I was home these past two weeks, first to care for my eldest son Noah, who tested positive for Covid, and also to monitor the learning of his three younger brothers, who had to be quarantined.
Then, two days in, I got sick, and the next night, my wife Jessie fell ill. So, we spent two weeks sniffling, coughing, medicating, resting, and praying.
My colleagues at Pond Road Middle buoyed our spirits by delivering fresh meals each day this last week, and their kindness and compassion for us has been overwhelmingly grand. Thanks, Pond Fam – you guys/gals are awesome, and I’m lucky to work beside you.
Being ill is scary, and for me, more so as the years go on and my body lets me down. Sometimes, I let my body down too.
There is, however, a sort of healthy humility that gets focused when your frailty is manifest.
I participated in martial arts during my mid to late twenties. It was great fun, hard work, and I am grateful to have spent such great times with excellent teachers, who are also wonderful human beings.
During that time, I earned a broken nose, broken toes, bruised ribs, and more than a few shiners and busted lips. My head was once put through a plaster wall by “Big” Steve Whitaker :)
During one promotion, I decided to show off by performing my breaks without spacers in between the wooden boards and injured my wrist terribly. It has never been the same.
Anyhow, I like the martial arts. Boxing, Wrestling, MMA.
So, the social media algorithms picked up on this, I guess, and occasionally suggest videos with fighting, and some of the videos show real fights.
Yesterday, I scrolled over a video which captured my attention, and then sucker-punched me with sorrow.
Two women viciously assaulted one another in a public space, and the children accompanying the one taking the brunt of the violence helplessly watched their guardian being pulverized. For what seemed an eternity, the people in the video, the bystanders, just watched.
The savagery of the violence was compelling, but what stabbed my heart was those poor children watching their mother or aunt or sibling being injured and humiliated.
I don’t know what led to the altercation, but for the sake of those kids, I desperately wanted someone to intervene, quickly, but it took too long. Every additional blow to the guardian was a blow to those kids.
There was so much pain in that video.
The woman who ‘won’ the fight fought with a brutal ferocity that suggested rage, but also fear. It was violence born of desperation, and it seemed she wanted to kill.
The humiliated one, the traumatized children, and even those paralyzed bystanders were all deeply wounded. The fella who finally intervened had a look of bewildered horror on his face.
We hurt each other, and often, we don’t even know why. The reasons are sometimes buried. We are all carrying pain, and sometimes, through action or passivity, we transmit that hurt to others, often those we love most dearly.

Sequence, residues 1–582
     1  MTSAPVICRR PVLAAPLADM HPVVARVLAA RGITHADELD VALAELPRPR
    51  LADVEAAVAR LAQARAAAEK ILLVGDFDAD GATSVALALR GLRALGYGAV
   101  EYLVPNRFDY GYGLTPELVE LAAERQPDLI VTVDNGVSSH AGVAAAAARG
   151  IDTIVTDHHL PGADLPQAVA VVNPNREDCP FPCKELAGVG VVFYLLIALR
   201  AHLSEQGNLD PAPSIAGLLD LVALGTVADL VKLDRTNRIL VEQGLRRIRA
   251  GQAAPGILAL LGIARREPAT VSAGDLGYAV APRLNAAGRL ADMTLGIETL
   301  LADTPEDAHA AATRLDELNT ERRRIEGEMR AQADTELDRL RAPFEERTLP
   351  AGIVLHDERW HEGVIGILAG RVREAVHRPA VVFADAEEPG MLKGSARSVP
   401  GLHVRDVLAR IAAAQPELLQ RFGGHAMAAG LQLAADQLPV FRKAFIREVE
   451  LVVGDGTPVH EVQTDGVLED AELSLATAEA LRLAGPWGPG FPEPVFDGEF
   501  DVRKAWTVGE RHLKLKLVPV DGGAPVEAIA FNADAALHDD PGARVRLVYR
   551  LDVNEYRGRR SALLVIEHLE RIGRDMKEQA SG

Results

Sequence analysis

This week I read “The Wizard’s Tide; A Story” by Frederick Buechner. It is a simple and straightforward book about how devastatingly traumatic our actions can be.
Told from the perspective of a young lad whose parents are suffering through the financial struggles of The Depression, you feel every critical remark, untoward action or mean look that passes between them. They were shifting their hurt to one another, but that was not all.
The little boy doesn’t fully understand their tensions, but he is burdened by them. You feel his sadness as you read, and wish his parents, who dearly love him, were more cautious.
The book moved me to repentance. How much injury have I inflicted on my boys by careless angst toward my wife, myself, the world?
I read “A Sacred Journey” by Buechner in August, and much of the fictional tale in “The Wizard’s Tide” is based upon the great writer/pastor/poet’s real childhood suffering.
A wise and mature thinker, the older Mr. Buechner was still sorting through the tangible grief inflicted during his youth.
In the district where I teach, there was a big blowout during a Board of Education meeting this past week and emotional harm was inflicted.
This is happening all over right now, and sometimes those arguments turn violent. I wonder at the gloom and fury that has been unleashed by our shared sufferings these past many months.
We must ‘hold on to the good’ in each other, certainly, but also in ourselves.
We never end an argument.
The lady who “won” the fight on that horrid video I watched didn’t finish anything. Instead, she inflamed so much anger and sorrow that already existed in her own heart, and in those around her.
And now those little children have been wounded, perhaps in a new and abiding manner that will follow them throughout their years. They will be tempted to inflict their shock or unforgiveness or uncertainty on others.
I pray they’ll know healing, and mercy, and most of all, love.
Lord, have mercy!
"Examine all things; hold on to the good."
-Saint Paul the Apostle